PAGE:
WEYMOUTH – School officials have officially canceled April school vacation.
Superintendent of Schools Jennifer Curtis-Whipple said the cancellation of the vacation would restore four school days.
“We changed the last day of school to June 19,” she said on Friday, April 10. “It was on June 20.”
The April vacation period, which is April 21-24, also includes Patriots Day, April 20, a state holiday.
Schools have not been in session since March 16 under emergency declarations issued by Gov. Charlie Baker and Weymouth Mayor Robert Hedlund.
Baker extended the date for schools to remain closed until May 4.
The emergency order exempts school districts from having to fulfill a state law that requires students to attend classes for 185 days.
Curtis-Whipple said administrators determined it would be better for students to complete academic lessons during the April vacation period because they are at home under Baker’s stay-at-home-advisory.
Teachers in all grades have prepared academic lessons for students, which they access by email, websites, and online-video-conference sessions.
“Some students can be given an activity without having to do anything electronically,” Curtis-Whipple said. “Not everybody has the capacity to do online learning.”
School officials recently distributed 600 Chromebooks to students who don’t have computers in their homes, according to Curtis-Whipple.
The school district has created 70 “professional learning communities,” which consist of academic instruction by electronic and non-electronic methods.
Curtis-Whipple said the schools have an optional learning structure for all students to receive instruction under the state Department of Elementary and Secondary Education’s guidelines.
“It’s a suggested learning structure, but it is not mandatory,” she said.
Curtis-Whipple said the structured lesson pattern was created because some parents wanted their children to have a format to follow while completing their studies.
The academic work is intended to keep students engaged with learning. They won’t be graded during this period, according to school officials.
“We have also changed the grading period,” Curtis-Whipple said. “The third term will be extended until the end of the school year on June 19.”
Curtis-Whipple said the school district’s most important priority is to support the students’ social and emotional needs amid their concerns during the coronavirus pandemic.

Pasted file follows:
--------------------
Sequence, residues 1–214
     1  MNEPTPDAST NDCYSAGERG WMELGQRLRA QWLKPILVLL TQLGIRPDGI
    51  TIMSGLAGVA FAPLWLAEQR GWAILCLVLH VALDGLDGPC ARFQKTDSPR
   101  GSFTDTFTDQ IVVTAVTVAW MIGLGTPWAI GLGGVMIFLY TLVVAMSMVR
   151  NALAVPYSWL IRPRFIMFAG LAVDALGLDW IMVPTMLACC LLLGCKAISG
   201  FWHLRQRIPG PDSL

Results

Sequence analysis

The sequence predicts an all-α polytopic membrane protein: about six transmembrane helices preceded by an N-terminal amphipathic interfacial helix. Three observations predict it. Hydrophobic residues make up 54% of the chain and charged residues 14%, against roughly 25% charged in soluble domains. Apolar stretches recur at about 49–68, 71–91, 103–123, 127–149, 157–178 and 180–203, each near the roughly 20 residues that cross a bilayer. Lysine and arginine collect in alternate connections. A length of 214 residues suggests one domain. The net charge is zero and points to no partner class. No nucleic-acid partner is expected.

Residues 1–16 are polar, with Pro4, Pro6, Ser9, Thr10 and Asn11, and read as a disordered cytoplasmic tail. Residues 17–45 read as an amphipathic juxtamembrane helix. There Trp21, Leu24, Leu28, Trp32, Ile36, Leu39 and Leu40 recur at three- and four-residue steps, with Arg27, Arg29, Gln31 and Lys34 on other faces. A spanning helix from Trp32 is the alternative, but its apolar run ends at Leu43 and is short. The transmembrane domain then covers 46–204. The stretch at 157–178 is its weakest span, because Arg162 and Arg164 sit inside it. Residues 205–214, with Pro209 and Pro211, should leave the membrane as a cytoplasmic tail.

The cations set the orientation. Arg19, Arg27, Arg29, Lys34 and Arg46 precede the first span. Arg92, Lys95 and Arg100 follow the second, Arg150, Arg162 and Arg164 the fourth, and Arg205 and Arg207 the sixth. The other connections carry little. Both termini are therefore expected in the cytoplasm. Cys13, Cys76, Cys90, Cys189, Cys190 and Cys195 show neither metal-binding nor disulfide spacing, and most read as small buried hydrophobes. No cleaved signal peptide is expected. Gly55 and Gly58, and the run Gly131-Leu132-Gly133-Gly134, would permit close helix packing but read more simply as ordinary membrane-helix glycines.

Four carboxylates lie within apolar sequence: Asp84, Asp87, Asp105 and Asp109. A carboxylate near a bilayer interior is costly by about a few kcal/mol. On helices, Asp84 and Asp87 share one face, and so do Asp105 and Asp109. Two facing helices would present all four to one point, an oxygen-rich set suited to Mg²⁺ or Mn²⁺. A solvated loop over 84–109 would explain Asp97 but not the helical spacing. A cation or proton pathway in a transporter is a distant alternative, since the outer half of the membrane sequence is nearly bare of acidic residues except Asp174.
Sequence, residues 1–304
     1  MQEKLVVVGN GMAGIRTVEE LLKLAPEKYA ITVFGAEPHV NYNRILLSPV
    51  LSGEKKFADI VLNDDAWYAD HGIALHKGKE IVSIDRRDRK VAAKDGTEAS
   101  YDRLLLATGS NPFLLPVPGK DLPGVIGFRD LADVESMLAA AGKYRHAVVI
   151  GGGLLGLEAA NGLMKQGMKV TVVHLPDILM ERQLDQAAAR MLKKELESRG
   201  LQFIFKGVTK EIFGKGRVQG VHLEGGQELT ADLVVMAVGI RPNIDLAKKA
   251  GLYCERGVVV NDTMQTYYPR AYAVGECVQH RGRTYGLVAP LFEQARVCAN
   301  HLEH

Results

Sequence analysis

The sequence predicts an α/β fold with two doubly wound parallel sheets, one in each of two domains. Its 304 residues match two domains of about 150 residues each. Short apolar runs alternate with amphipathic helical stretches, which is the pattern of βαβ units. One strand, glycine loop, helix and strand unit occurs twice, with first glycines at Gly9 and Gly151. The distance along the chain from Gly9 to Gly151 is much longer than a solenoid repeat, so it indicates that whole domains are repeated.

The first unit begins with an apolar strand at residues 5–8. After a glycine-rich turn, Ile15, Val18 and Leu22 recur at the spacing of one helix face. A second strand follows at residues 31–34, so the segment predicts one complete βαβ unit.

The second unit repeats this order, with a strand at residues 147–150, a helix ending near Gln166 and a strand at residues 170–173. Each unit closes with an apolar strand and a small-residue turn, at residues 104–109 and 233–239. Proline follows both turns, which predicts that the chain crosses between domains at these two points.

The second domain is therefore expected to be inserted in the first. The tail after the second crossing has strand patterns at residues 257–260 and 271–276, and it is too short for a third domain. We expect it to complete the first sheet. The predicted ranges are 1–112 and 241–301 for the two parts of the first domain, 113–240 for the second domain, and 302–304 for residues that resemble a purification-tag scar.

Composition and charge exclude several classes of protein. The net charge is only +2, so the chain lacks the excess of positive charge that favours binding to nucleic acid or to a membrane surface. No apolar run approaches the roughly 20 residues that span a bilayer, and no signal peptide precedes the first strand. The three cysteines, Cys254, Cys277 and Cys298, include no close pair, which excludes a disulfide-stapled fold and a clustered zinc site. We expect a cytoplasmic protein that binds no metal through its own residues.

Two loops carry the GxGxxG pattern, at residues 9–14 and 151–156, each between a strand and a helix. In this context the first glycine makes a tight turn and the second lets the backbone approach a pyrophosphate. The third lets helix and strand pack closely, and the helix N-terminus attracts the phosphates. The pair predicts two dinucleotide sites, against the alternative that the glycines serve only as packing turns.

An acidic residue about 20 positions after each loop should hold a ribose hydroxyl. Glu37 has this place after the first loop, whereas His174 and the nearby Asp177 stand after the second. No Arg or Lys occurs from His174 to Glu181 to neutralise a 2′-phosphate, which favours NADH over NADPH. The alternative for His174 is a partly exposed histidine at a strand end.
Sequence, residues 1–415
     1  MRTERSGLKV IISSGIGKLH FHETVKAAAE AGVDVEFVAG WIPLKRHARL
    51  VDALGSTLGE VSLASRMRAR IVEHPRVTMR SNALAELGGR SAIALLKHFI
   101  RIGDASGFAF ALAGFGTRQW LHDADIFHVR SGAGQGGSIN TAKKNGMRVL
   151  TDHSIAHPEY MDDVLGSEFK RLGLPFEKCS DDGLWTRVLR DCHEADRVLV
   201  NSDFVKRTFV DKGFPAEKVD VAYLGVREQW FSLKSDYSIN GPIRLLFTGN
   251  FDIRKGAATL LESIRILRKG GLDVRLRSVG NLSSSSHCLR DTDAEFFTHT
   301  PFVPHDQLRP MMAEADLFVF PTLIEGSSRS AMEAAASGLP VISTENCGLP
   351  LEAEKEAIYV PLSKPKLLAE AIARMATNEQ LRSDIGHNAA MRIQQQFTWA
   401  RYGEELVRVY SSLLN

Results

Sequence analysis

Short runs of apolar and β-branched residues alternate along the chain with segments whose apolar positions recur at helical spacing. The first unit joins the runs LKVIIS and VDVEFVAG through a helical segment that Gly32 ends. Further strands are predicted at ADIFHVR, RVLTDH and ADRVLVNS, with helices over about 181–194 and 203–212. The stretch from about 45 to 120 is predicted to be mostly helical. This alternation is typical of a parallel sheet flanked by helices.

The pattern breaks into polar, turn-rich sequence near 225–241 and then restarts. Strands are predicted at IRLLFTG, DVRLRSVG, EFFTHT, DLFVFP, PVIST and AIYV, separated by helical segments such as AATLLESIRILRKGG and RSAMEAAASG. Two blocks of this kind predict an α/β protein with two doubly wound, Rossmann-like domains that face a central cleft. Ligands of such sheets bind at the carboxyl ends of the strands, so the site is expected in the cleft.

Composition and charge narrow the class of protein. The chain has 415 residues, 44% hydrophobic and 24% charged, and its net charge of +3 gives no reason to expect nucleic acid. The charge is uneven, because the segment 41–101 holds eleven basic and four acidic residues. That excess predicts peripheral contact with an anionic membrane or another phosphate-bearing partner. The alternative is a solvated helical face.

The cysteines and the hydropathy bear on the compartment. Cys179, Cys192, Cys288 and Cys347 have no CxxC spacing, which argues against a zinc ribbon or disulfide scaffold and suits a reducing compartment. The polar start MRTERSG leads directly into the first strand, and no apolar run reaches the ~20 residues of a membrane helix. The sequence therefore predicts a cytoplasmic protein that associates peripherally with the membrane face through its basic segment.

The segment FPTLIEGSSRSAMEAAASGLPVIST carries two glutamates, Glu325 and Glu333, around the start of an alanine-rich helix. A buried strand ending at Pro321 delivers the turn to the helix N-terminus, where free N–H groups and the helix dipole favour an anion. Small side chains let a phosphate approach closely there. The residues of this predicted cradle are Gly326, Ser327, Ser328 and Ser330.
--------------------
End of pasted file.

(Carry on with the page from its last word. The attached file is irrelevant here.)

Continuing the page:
The school district is also providing free bagged lunches at Seach Primary School and Abigail Adams Middle School from 11 a.m.-1 p.m. on weekdays.
Some of the food available includes fresh vegetables, milk, whole grain muffins, and cheese sticks, according to Elizabeth Sauro, Weymouth Public Schools food services director.
All students are eligible to receive a free meal under the state and federal requirements of the program.
Curtis-Whipple said 15,000 lunches have been provided to students since the program began March 16.
Additional information about the school lunch program is available online at the school district website: weymouthschools.org.
Curtis-Whipple said the coronavirus pandemic is not delaying plans to construct modular classrooms at the primary schools to accommodate an influx of fifth-graders under a school redistricting plan that takes effect in September.
“The foundation work is being done behind Academy Avenue school for the fifth graders that will be coming,” she said.
Curtis-Whipple said she expects foundations to be placed at the remaining primary schools in June.
The modular classrooms are part of a construction plan for a new $164.2 million Chapman Middle School.
Construction is expected to shift into high gear during the fall season, following the demolition of the 61-year-old Chapman building.
The construction plan includes having the fifth graders at Abigail Adams Middle School assigned to primary schools under the grade reconfiguration.
The students entering seventh grade in September who would typically attend Chapman will be assigned to Adams School while the new Chapman is being constructed over two years.
Students that would enter eighth grade at Chapman have been assigned to attend classes at the high school during the construction timetable.
The new middle school will house 1,470 students in grades 6-8 when it’s scheduled to open in September 2022.
Preliminary work has begun in the school’s gymnasium and the unoccupied vocational section to prepare the building for some early demolition later this month, according to the school building committee.
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